Meet Indian-origin Jyotsna Kaki whose Success at Google is an Inspiring Story of Victory over Permanent Blindness

She would start her day early in the morning. She would leave for college by 9 am. She would come back to her dorm room early in the afternoon and do her homework the same day. She religiously followed a tight schedule to accomplish her academic goals. Her primary goal was graduation with a good GPA in four years.

One morning in the fall of 2004, her world turned upside down; her everyday life was thrown out of gear; her goals seemed to be far-off when she woke up with blurry vision in her left eye. It eventually pulled down a pall of complete darkness over her world. Permanent blindness slowed down her pace of life for a while, but did not become a stumbling block. Rather, she journeyed from darkness to light with a never-say-die attitude – which makes an inspiring story to read and share.

Jyotsna Kaki Google, Indians in Google USA

She is Jyotsna Kaki who has made it big at Google and has got an award named after her by her alma mater, San Jose State University. She had not only lost her vision, but also her confidence and independence. With every dark tomorrow passing into a yesterday, she moved towards discovering light within herself, regaining her independence, and reviving her zest for life.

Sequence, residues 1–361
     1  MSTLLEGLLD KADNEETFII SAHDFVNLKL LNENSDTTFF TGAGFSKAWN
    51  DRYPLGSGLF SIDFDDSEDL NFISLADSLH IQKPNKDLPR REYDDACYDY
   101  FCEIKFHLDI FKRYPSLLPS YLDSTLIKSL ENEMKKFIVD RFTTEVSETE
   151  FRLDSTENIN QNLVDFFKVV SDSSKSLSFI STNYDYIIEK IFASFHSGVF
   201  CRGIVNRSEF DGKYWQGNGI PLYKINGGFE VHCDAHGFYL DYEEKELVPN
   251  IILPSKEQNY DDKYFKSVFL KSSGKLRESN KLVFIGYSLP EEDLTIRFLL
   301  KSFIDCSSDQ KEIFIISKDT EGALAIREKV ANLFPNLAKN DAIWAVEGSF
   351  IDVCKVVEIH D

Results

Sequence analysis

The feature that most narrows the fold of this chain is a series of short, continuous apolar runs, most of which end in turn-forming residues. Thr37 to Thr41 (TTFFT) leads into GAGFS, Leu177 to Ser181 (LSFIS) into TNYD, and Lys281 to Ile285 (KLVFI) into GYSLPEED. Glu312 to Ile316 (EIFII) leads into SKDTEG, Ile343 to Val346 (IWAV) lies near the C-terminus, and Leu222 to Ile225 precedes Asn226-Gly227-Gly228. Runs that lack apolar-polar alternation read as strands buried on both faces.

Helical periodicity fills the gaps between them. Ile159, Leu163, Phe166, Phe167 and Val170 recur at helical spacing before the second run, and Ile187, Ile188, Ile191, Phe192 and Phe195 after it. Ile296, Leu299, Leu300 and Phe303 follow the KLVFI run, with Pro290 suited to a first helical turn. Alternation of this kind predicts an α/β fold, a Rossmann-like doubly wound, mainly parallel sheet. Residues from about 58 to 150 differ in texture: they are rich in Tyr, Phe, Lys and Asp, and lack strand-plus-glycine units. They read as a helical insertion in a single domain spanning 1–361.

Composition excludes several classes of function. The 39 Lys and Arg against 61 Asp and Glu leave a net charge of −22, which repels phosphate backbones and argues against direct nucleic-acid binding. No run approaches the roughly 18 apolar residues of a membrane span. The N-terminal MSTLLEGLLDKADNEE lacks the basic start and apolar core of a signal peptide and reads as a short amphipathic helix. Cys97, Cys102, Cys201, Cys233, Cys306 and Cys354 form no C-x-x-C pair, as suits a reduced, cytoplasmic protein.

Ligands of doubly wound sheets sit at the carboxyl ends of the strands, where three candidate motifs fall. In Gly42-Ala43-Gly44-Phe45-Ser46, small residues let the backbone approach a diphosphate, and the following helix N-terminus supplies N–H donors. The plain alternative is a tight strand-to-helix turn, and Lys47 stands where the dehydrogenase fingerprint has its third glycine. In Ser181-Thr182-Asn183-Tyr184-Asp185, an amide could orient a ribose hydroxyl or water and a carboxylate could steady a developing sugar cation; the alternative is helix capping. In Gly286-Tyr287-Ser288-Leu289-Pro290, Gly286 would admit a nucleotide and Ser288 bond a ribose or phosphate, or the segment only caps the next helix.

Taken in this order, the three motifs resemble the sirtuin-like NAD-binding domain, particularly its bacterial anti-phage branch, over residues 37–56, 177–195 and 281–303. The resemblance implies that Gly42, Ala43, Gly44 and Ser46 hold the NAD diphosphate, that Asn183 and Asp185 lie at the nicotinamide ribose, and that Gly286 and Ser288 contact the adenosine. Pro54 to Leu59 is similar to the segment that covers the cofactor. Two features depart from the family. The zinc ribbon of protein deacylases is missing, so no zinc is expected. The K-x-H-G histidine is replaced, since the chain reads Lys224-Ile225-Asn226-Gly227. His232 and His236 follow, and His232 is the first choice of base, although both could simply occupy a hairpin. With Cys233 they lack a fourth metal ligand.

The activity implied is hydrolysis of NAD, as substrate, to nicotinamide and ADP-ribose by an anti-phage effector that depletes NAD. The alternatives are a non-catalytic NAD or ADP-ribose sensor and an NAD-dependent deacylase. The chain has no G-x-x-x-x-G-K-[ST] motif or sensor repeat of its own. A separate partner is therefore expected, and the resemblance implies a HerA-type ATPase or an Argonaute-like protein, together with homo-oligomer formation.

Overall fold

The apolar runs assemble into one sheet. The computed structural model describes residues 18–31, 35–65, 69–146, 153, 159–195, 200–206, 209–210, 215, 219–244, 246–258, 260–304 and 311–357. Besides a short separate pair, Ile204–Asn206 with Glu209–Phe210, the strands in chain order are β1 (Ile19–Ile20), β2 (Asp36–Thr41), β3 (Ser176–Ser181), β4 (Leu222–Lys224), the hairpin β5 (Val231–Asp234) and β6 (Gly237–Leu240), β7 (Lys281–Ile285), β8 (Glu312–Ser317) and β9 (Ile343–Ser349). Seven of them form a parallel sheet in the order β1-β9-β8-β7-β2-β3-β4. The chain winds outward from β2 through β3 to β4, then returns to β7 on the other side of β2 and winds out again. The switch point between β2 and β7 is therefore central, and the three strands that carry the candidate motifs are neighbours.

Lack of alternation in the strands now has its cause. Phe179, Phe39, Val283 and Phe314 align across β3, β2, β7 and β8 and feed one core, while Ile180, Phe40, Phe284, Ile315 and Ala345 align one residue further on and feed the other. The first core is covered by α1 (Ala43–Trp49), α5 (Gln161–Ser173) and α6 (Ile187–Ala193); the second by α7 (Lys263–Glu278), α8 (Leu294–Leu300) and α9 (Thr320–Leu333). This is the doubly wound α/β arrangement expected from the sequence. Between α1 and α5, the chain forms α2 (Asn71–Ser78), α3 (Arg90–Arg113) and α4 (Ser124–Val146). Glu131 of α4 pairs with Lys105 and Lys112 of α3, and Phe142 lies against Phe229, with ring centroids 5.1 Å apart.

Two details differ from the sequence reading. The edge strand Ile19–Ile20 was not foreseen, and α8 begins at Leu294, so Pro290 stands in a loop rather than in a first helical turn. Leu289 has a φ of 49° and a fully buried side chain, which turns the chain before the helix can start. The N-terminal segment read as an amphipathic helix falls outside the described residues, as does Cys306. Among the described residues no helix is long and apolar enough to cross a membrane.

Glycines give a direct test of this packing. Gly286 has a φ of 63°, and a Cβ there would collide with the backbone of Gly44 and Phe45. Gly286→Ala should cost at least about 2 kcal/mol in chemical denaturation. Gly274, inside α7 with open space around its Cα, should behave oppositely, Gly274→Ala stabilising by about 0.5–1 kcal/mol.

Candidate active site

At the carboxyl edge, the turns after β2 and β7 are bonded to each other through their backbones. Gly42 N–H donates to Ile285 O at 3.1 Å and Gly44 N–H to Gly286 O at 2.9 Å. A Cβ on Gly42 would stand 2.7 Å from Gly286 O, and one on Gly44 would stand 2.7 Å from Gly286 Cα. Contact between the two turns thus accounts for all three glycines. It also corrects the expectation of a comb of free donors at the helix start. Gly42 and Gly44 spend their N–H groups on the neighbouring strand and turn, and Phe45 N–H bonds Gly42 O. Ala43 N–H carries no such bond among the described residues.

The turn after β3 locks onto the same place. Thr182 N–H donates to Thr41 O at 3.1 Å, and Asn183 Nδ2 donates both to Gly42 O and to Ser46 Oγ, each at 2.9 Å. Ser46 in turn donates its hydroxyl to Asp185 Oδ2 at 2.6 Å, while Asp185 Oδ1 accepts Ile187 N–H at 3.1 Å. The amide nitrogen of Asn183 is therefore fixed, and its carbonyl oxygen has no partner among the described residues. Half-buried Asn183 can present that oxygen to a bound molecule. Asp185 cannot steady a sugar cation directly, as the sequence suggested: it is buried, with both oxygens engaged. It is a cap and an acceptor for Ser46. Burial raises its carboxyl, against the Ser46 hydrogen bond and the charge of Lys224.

Jyotsna Kaki was diagnosed with a benign tumor in the brain when she was in India. She grew up with the tumor slowly building up near the optic nerve. She had normal childhood and schooling like every other person of her age. When she was a senior attending college at San Jose University, her eyesight started getting weaker. Her parents took her to a doctor only to learn that an emergency surgery was the only option. Her optic nerves were traumatized during the surgery – which, in turn, took away her vision forever.

The sky came crumbling down for her when she opened her eyes to see nothing after the surgery. But her focus on the goals, her sense of discipline, and her urge to stand up again brought her life back on the track. While trying to be independent again, she realized that she could manage almost everything she used to do while having eyesight, except driving. On being asked what change the permanent visual impairment brought to her life, she shrugged it off with a smile.

She was so determined to lend herself a new lease of life that there was little room for despair or inertia within or outside her. She started learning braille, taking mobility training, and using accessibility technology, such as screen readers. On top of that her parents’ love and her brother’s support have been instrumental in her recovery and journey towards light. “I got back to college within two months of the fateful incident. Keeping myself busy definitely prevented me from slipping into depression. Not taking a break helped me normalize my everyday life after the surgery,” she said in a neutral tone. She got a job at the disability resource centre in her college where she experienced the testing of accessibility software. Later, that experience served as foundation of her career at Google.